University of South Florida

That Pesky P Value: Considering study interpretation during the pandemic

Multiple clinical studies related to COVID-19 are published daily, so it is important for us to carefully consider the conclusions of such studies, particularly those with an overreliance on statistical tests that ultimately provide a P value.

For many basic research experiments, as well as clinical trials, we often accept that a P value of < 0.05 means the difference between two groups is “significant.” But P = 0.048 (for example) for a typical t-test really just means there is a 4.8% chance that the outcome you observed between two groups is not actually different; that is, the two means of the two groups are identical. Statistically speaking, this indicates there is a 4.8% chance that the null hypothesis (no difference between groups or no treatment effect on some measured outcome) is true. (Or, that random sampling from otherwise identical populations would lead to a difference smaller than you observed in 95.2% of experiments and larger than you observed in 4.8% of experiments.) So, when P is even marginally greater than 0.05 the tendency is to label the results as “nonsignificant.” A corollary is the unabashed support a reader of a paper may give to an intervention deemed “significant” when the P is minimally lower than 0.05.

In the era of “big data” the simple P value has been improved as the defining statistical test. This has included correction for multiple comparisons (eventually meaning that the raw P value might need to be quite small) and even using P = 0.10 or 0.20 to make some initial lists of genes to consider for further study. We have also seen greater use of the false discovery rate as a way to slim down very large datasets. Nevertheless, an overreliance on the P value (1, 2) may exist for most papers we read.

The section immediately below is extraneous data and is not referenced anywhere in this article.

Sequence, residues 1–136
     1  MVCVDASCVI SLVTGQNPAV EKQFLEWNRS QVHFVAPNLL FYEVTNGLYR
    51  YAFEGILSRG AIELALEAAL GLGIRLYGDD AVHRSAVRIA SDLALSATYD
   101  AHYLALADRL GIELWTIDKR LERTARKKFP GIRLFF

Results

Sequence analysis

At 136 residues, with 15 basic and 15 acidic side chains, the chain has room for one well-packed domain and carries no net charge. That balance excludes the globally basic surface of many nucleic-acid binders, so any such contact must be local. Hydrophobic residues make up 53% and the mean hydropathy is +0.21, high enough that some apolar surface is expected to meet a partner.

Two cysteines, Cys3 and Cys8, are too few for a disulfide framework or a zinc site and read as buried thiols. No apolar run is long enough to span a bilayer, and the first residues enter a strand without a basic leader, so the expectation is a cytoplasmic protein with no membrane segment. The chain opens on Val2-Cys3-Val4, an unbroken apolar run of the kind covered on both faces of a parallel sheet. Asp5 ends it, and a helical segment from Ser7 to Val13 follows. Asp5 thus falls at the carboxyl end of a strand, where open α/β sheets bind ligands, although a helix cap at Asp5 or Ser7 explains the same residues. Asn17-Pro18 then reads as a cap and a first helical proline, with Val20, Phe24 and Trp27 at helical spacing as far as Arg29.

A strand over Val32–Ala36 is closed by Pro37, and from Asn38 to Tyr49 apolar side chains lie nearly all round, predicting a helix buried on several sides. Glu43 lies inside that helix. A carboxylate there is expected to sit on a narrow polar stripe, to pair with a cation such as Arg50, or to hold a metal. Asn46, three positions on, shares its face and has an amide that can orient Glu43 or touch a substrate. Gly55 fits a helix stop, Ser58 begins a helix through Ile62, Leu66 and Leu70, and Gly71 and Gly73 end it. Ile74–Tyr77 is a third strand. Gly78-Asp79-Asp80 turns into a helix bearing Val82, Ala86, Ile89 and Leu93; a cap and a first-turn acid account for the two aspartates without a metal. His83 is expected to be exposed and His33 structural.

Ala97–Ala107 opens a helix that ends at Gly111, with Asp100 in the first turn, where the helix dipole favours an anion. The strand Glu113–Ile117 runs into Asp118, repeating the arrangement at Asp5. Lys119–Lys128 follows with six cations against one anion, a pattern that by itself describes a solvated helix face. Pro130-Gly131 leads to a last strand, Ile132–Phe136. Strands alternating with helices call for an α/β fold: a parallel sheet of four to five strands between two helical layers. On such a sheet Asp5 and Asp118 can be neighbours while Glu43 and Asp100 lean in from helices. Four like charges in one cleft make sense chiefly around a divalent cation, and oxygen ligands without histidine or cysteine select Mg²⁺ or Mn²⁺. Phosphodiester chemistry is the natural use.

In the context of an appropriately designed and powered clinical trial, it is important to think about the arbitrary nature of “P < 0.05.” Do we really think that P = 0.049 and P = 0.051 can adequately help us decide if a treatment is effective or not? To my mind, such a heavy reliance on an arbitrary cutoff is inappropriate and can lead to poor decisions during the pandemic. It can even promote the “targeted reading” effect, in which the reader looks at the abstract for a P value. If is not < 0.05, they dismiss a therapy or intervention as insignificant and move on. I suggest that values approaching the prespecified P value should be interpreted, at a minimum, as “worthy of further studies.” And of course, P values minimally below the cutoff should be suspect, with the study needing replication.

There also appears to be publication bias against papers with P values marginally above 0.05 (or whatever value was prespecified), which may leave important papers to publication in lower-tier journals. As reported in a statement from the Statistical Association, a petition signed by 800 statisticians proposes the elimination of inferring statistical significance based on P values (3). The higher P value is frequently interpreted as “proof” that the null hypothesis is true. But it really conveys the current study provides insufficient evidence to infer, from a probabilistic standpoint, that the null hypothesis can be rejected.

The use of an adaptive clinical trial design has helped mitigate some of these concerns (4). These trials incorporate interim data analyses used to modify the ongoing trial, without undercutting its validity. The actions that might occur are typically prespecified, but they need not be when faced with a rapidly unfolding life-threatening public health crisis such as the COVID-19 pandemic. Indeed, most COVID-19 trials that we are conducting with Tampa General Hospital are adaptive trials.

When it comes to scientific literature, then, we have no choice but to read the full paper. This includes looking at how the study was designed, and other outcome indices such as confidence intervals, to understand the results. In this pandemic era in particular, an overreliance on P ≤ 0.05 could lead us away from effective solutions for COVID-19.

Stephen Liggett, MD
Associate Vice President for Research, USF Health
Vice Dean for Research, USF Health Morsani College of Medicine
Professor of Medicine, Molecular Pharmacology and Physiology


  1. Singh AK, Kelley K, Agarwal R. Interpreting Results of Clinical Trials: A Conceptual Framework. Clin J Am Soc Nephrol 2008;3:1246-52.
  2. Ross Meisner and Bill Woywod. Are you overvaluing your clinical trial p values? Clinical Leader, (Guest column) Feb. 6, 2020.
  3. Valentin Amrhein, Sander Greenland, Blake McShane. Scientists rise up against statistical significance, Nature (Comment), March 20, 2019
  4. Philip Pallmann, Alun W. Bedding, Babak Choodari-Oskooei, et al. Adaptive designs in clinical trials: why use them, and how to run and report them. BMC Medicine, 28 February 2018.

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